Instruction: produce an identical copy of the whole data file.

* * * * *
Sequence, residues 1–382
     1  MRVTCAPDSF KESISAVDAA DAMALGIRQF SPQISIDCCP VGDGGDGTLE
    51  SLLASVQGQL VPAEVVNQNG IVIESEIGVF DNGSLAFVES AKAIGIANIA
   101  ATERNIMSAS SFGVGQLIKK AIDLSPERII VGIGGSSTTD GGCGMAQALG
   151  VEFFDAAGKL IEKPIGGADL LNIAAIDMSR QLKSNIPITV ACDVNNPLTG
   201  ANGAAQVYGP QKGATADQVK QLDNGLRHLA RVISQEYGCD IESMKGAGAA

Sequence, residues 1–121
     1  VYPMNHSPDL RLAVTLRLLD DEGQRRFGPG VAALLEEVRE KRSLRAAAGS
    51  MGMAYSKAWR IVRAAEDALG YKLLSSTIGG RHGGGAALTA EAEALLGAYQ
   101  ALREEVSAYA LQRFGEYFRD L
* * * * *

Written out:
Sequence, residues 1–382
     1  MRVTCAPDSF KESISAVDAA DAMALGIRQF SPQISIDCCP VGDGGDGTLE
    51  SLLASVQGQL VPAEVVNQNG IVIESEIGVF DNGSLAFVES AKAIGIANIA
   101  ATERNIMSAS SFGVGQLIKK AIDLSPERII VGIGGSSTTD GGCGMAQALG
   151  VEFFDAAGKL IEKPIGGADL LNIAAIDMSR QLKSNIPITV ACDVNNPLTG
   201  ANGAAQVYGP QKGATADQVK QLDNGLRHLA RVISQEYGCD IESMKGAGAA

Sequence, residues 1–121
     1  VYPMNHSPDL RLAVTLRLLD DEGQRRFGPG VAALLEEVRE KRSLRAAAGS
    51  MGMAYSKAWR IVRAAEDALG YKLLSSTIGG RHGGGAALTA EAEALLGAYQ
   101  ALREEVSAYA LQRFGEYFRD L